The Flowers of The Forest

In the misty legends of Scotland, there are many songs that are interwoven with the victories and defeats of her native sons in glorious conflicts. The great pipes blew violently across the field as part of the offensive tactics of the Chiefs.

Battle of Flodden

You can almost feel them pierce the air of a cold Scottish morning while lines of kilted warriors come racing towards each other. The louder the noise, the more it covers the sound of axes crashing into metal and bone. The cries of the mortally wounded are covered with the bleating of the air rushing through the reeds until the last sword is swung and the battle is done.

In the end, it is the music alone that remains. Lives end. Legends are often the only survivors of a grand melee. Around the campfires at night, men tell tales of the way the fight travelled form one end of the field to another. Who won is often determined by who had the best version that would last through antiquity and be recorded by a poet or scribe. The main goal was to create a lasting enough memory to justify their brave sacrifices and try to calm a mother’s broken heart.

lost battle of Flodden

The Flowers of the Forest is a memorial song derived from one of the greatest and noblest defeats Scotland ever suffered, the Battle of Flodden Field. Some sources claim that over 10,000 Scottish souls were lost including many of the nobles of the auld Scotland.

The song has been used again and again over the years to honor and commemorate the lives of men fallen in battle from across the British Isles. Besides Amazing Grace, it will always be one of the most memorable of laments to those who have served under the Union Jack.

Playing the FOTF

As a younger man, I was part of another great force that fought a different kind of war. Our greatest goal was to never use the weapons that we had at our disposal. More importantly, we wanted to make sure the other guy knew that he would pay an unimaginable price if he ever used his.

The Cold War

Time magazine patrol

The longest and most expensive war in modern history was the shadow war that started in 1945 barely a few days after the end of World War 2. The Soviets had secretly integrated spies throughout the unsuspecting Western Countries and solidified their hold over the border countries. In a series of steps, each side ramped up their defensive and offensive postures and systems. The launch of Sputnik added a new dimension of threat and resulted in the birth of the strategic nuclear missile submarine programs for both sides.

1960 submarine silhouettes

The battles lasted until 1991

In December of that year, the Soviet Union gives up its last gasp of life and on Christmas Day 1991, the Hammer and Sickle was lowered over the Kremlin for the last time.

Soviet flag

In the twenty years since that fateful day, many changes have occurred on both sides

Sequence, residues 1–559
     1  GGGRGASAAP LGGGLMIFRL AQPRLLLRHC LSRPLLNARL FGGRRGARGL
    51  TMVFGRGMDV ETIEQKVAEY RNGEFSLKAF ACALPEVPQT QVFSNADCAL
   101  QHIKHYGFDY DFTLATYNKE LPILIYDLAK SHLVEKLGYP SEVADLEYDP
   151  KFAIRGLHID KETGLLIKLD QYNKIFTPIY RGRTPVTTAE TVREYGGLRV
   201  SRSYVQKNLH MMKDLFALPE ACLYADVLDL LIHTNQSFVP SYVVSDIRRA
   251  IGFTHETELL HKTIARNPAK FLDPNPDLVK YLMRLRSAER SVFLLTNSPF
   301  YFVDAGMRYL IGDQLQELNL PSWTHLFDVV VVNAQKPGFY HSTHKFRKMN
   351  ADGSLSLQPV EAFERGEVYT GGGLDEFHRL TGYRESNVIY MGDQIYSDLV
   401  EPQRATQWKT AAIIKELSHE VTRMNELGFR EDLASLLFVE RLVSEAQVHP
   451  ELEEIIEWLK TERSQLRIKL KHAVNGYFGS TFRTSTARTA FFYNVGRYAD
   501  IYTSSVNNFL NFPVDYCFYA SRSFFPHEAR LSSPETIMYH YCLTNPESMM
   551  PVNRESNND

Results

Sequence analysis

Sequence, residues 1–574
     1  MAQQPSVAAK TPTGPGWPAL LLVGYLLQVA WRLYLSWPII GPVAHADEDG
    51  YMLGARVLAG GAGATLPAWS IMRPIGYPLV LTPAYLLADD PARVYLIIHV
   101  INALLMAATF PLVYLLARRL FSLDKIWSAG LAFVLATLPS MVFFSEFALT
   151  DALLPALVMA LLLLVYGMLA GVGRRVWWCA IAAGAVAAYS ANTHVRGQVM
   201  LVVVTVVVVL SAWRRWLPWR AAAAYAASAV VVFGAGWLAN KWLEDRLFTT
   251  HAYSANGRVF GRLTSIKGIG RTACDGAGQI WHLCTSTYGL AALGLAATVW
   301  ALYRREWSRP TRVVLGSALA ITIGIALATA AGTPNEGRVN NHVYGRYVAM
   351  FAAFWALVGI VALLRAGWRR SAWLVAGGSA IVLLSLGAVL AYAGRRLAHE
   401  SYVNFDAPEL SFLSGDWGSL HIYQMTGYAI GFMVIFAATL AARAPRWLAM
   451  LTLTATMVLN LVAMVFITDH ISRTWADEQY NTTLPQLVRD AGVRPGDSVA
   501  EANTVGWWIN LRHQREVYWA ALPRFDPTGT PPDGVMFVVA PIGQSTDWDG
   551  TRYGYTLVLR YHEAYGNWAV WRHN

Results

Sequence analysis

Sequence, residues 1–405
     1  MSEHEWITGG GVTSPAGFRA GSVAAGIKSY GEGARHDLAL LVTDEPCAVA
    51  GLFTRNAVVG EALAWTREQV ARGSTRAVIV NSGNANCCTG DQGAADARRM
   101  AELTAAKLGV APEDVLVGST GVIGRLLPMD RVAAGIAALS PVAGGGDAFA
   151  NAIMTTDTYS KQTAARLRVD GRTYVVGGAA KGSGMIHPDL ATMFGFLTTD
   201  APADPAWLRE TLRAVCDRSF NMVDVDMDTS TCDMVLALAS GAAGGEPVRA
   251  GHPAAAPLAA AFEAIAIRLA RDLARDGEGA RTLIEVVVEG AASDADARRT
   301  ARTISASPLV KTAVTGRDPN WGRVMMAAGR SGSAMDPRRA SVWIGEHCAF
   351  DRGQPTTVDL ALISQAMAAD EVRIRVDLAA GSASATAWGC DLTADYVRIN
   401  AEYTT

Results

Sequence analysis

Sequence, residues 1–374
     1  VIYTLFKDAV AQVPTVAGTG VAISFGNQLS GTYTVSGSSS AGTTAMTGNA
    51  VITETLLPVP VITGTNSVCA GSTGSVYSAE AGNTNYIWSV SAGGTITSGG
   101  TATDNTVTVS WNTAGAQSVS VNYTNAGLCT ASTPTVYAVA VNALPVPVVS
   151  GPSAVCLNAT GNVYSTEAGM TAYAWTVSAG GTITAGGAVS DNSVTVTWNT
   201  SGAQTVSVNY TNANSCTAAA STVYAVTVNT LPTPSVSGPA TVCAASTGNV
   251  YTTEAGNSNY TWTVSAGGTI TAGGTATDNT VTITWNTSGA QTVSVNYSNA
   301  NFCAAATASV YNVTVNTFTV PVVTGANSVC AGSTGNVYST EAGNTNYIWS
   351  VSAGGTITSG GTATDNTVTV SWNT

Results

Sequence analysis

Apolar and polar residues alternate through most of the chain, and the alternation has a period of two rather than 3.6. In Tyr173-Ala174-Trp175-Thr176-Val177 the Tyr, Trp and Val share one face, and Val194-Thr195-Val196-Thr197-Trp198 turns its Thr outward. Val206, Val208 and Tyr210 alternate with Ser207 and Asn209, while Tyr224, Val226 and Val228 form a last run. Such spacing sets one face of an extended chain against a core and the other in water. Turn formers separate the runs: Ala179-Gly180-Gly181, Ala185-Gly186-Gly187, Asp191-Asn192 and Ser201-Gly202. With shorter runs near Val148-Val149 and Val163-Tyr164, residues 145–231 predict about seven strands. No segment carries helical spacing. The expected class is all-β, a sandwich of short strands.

A different kind of war has emerged for a new generation and the old generation has begun to quietly take their place in the Forest. There is no greater reminder to the men of that age than the rise of a new kind of “Flower” in the shape of monuments to glorious days of the past.

While I still think I am young at heart, nothing ages you quicker than seeing the sail of a boat you served on placed on a hill side with markers and monuments all around it.

Nothing brings back the memories faster than seeing that cold metal symbol forever landlocked instead of plowing through the oceans protecting both her crew and the nation she served.


I am grateful for the chance to see her one more time and bring back the memories of red lights and flank speed runs and angles and dangles. I am filled with emotion for those who have slowly passed into the great beyond, some known and others only found in a surprise announcement from a friend on a submarine page or Facebook.

Navy Seal and Eagle

Thanks to all those who cared for and supported their brothers on Tenders, shore facilities and Dry docks in far away lands or here at home. Your service was a great contribution to the peace that was maintained.

Holy Loch 1989 as19_4

Thanks to the men who defied logic and manned the boats that plied the ocean’s deep. Your sacrifice will never be fully recognized but we live in a better place because of it. If you do not belong to USSVI, I would encourage you to do so today. This great organization is keeping the memory of our brothers alive and helping to make a difference for the future.

It is a shame that there is no national recognition of those Flowers of the Forest who helped to win that war.

I want to personally thank all of the ones who remain and especially all of those who have passed.

Twenty years ago this month,

all of your efforts resulted in a great victory.

God Bless You.

Mister Mac


Note: Every war fought by the United States, was honored by a medal issued to those members authorized and who displayed honorable service. The Cold War has never been officially recognized for this type of honor. While some organizations have created a medal for the time period, it has never been officially recognized by the Federal Government.

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